I think you missed Stein's point. In a democracy (which Europe still is, sort of), the group that has the most babies eventually has the most votes. In this case, they can vote in Sharia and impose it on the remainder of the population, no matter how many iPods and personal robots they may have. Unless, that is, the Europeans decide that their laws do not constitute a suicide pact, and decide to throw the "external enemy" (which is now very much internal) the heck out of their countries. One of Stein's points is that he sees no evidence that the population has any wish to turn away from suicide and save themselves, so completely has their will been sapped by the self-hatred drummed into them by their elite institutions. We see the same thing here to a lesser extent with our illegal immigration problem, where the overriding attitude seems to be, "Well, they're here now, and *there is nothing we can do about it*."

The above hissed in response by: lmg [TypeKey Profile Page] at January 5, 2006 6:14 PM

The following hissed in response by: Dafydd ab Hugh


In a democracy (which Europe still is, sort of), the group that has the most babies eventually has the most votes.

Rather, you missed my point, lmg; you have fallen into the trap of supposing that agenda is completely determined by race.

I propose instead that agenda is not determined at all, but is influenced first by culture and next by a person's own thoughts and beliefs, independent of how he was raised. Both of these criteria are affected by governmental policy towards immigrants.

What Europe needs to do is begin teaching civics to the children, not just of immigrants, but all of them. We should do it, too. There used to be a time (I don't know your age, so I don't know if you remember this personally) when schools actually taught students how to be Americans. They taught us our history, the American credo, and not only our rights but our duties as Americans.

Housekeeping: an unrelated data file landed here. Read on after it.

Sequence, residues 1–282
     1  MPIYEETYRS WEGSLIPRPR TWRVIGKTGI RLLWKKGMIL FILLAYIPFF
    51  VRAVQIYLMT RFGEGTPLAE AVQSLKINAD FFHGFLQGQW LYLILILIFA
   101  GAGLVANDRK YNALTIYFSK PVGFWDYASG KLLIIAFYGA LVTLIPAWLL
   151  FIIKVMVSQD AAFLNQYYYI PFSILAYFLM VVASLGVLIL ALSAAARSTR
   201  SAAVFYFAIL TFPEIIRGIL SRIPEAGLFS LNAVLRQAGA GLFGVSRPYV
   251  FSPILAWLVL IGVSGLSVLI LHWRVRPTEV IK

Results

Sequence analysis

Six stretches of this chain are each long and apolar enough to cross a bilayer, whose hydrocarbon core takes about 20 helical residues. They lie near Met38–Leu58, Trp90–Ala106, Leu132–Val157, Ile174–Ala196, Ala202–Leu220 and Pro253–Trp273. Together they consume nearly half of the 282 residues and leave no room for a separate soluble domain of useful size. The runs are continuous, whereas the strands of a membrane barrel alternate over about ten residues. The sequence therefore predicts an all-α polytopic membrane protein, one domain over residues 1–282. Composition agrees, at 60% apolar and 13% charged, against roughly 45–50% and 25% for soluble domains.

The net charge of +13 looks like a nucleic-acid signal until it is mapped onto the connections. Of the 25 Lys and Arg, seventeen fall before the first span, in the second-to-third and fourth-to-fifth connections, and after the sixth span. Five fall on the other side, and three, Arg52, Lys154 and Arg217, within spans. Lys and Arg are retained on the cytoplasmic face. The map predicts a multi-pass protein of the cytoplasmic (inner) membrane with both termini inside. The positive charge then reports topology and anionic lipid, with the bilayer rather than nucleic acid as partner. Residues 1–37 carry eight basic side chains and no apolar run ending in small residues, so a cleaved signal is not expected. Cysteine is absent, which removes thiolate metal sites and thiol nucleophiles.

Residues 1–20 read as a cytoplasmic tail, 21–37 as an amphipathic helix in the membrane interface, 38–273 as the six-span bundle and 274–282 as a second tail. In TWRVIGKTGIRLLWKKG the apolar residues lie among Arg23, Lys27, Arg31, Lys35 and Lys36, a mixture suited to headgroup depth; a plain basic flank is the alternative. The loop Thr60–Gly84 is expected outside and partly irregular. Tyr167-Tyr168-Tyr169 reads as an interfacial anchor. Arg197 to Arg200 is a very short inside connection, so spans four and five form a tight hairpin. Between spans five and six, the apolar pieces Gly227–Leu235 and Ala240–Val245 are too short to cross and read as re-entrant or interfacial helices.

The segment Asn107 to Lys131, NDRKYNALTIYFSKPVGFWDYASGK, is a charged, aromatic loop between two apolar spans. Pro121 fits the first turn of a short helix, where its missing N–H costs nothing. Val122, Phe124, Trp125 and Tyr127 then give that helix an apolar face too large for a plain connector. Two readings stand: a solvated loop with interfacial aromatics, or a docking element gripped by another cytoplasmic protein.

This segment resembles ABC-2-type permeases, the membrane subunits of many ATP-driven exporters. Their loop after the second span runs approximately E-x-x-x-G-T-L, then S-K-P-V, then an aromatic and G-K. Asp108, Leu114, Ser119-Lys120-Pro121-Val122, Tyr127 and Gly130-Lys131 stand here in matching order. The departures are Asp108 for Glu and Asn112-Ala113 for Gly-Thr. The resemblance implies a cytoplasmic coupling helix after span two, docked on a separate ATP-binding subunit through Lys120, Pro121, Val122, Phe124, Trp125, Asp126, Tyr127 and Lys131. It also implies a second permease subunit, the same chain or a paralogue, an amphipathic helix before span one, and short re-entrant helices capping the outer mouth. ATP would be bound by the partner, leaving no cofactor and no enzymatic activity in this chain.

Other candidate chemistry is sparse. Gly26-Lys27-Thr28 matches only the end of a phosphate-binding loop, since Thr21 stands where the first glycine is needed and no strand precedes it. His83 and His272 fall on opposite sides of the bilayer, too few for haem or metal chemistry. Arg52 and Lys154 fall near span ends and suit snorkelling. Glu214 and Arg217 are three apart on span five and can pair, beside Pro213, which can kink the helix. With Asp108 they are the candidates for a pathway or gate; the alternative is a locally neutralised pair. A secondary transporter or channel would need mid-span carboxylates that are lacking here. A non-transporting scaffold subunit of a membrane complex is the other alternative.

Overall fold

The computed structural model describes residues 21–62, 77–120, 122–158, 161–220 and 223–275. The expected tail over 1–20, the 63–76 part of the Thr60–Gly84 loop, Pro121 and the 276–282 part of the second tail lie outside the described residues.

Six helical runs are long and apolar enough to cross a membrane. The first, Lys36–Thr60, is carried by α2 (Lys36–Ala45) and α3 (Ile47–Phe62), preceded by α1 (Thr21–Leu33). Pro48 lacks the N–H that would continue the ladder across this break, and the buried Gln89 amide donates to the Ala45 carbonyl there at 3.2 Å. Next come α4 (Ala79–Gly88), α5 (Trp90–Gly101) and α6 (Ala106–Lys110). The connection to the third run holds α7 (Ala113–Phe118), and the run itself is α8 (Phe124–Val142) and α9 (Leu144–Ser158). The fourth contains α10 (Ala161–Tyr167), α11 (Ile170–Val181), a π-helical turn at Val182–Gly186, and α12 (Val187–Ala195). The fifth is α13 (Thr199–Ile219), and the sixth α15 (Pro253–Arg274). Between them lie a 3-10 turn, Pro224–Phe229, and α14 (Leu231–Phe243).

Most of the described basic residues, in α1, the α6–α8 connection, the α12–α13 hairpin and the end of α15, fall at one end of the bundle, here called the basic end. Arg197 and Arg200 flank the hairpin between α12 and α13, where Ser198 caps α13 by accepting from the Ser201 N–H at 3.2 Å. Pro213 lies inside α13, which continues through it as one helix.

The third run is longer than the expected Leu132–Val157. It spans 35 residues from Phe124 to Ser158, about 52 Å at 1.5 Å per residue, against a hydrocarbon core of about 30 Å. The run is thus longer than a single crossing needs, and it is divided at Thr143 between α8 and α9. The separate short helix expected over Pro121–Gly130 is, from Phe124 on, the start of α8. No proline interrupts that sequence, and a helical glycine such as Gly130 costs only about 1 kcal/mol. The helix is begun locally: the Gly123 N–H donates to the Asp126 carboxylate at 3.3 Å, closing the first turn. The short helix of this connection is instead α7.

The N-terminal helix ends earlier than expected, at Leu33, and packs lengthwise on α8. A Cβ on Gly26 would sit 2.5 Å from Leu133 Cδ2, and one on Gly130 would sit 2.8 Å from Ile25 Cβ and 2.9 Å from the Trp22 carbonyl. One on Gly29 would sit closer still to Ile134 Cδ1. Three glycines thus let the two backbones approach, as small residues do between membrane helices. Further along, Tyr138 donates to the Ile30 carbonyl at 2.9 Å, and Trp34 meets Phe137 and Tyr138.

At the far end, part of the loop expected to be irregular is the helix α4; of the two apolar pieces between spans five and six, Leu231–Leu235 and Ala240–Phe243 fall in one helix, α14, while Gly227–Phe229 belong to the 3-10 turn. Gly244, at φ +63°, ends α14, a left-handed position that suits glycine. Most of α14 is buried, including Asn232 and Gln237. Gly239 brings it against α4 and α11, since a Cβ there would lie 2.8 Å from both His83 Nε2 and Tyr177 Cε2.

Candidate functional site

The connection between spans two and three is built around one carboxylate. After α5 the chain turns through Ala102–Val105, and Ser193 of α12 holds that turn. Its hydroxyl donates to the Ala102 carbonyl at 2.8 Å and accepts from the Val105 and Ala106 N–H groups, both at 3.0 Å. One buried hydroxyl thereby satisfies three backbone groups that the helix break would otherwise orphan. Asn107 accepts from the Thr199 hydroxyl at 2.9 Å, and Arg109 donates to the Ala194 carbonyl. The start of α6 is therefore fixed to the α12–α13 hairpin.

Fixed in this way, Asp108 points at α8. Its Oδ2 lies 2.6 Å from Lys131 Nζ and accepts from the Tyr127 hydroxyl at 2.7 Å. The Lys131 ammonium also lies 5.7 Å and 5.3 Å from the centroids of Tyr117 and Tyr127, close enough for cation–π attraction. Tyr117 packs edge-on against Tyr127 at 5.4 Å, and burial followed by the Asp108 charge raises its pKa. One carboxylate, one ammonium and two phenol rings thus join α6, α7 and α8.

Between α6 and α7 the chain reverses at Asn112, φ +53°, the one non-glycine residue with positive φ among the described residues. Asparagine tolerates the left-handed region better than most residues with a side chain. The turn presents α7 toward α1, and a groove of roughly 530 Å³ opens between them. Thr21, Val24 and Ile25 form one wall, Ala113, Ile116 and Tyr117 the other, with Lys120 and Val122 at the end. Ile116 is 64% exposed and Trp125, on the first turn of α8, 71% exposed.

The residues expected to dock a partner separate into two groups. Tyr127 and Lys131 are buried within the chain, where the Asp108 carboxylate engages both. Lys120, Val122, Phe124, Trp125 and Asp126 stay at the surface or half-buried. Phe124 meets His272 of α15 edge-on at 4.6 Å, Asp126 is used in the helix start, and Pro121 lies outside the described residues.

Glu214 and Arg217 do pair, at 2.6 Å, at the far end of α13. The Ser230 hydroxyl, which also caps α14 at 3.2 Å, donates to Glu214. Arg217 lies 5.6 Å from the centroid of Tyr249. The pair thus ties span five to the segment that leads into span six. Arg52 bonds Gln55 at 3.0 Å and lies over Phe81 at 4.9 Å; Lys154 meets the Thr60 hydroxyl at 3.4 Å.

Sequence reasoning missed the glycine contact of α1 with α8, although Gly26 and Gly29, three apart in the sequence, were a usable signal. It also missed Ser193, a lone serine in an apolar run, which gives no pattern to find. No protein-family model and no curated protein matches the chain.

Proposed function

Schools stopped doing this (for me, at least) in the mid-1970s; instead, they began to teach the goofy multi-culti idea that every culture was as good as every other culture. I started speaking up against this radical (and cockamamie) idea in high school, demanding of one teacher whether he was literally saying that there was no moral distinction between the United States in the Vietnam war, the example he was discussing -- and Nazi Germany's butchery of Jews, Catholics, Gypsies, blacks, and gays.

I was (and am) an incredibly annoying little prat (ask Patterico!), but I'm also relentless when tugging on a philosophical bone, and Teach was eventually forced to admit that no, American soldiers in "'Nam" (he wasn't there, but he kept calling it that) were not as despicable, as insanely murderous, or as sociopathic as the Nazis were.

"So doesn't that belie your entire point?" I asked.

Well... doesn't it? (He had no answer, in case you were wondering; he paused, then continued with the lesson as if there had been no exchange. But he had lost his audience.)

If American schools began training kids (including nissei of every nationality) to be Americans -- and French schools began training kids to be French, and German schools training their kids to be Germans -- that would actually answer your (and Mark Steyn's) conundrum: you can accept as many immigrants as you please, so long as you assimilate them.

Which is what I said, I think.


The above hissed in response by: Dafydd ab Hugh [TypeKey Profile Page] at January 5, 2006 6:41 PM

The following hissed in response by: pbswatcher


"you can accept as many immigrants as you please, so long as you assimilate them."

And if it weren't for this damn gravity, I could jump to the moon. In the multi-culti PC view assimilation is a synonym for racism, the worst possible sin in their secular world. Your approach requires two impossibilities in order to succeed. First, complete rejection of the multi-cultural view and adoption of its antithesis. Second, acceptance of such a regime by the unassimilated (and I would say unassimilable) already present as well as by the waves of unassimilated and unassimilable on the way and those yet to come.

The above hissed in response by: pbswatcher [TypeKey Profile Page] at January 6, 2006 1:33 PM

Post a comment

Thanks for hissing in, . Now you can slither in with a comment, o wise. (sign out)

(If you haven't hissed a comment here before, you may need to be approved by the site owner before your comment will appear. Until then, it won't appear on the entry. Hang loose; don't shed your skin!)

Remember me unto the end of days?

© 2005-2009 by Dafydd ab Hugh - All Rights Reserved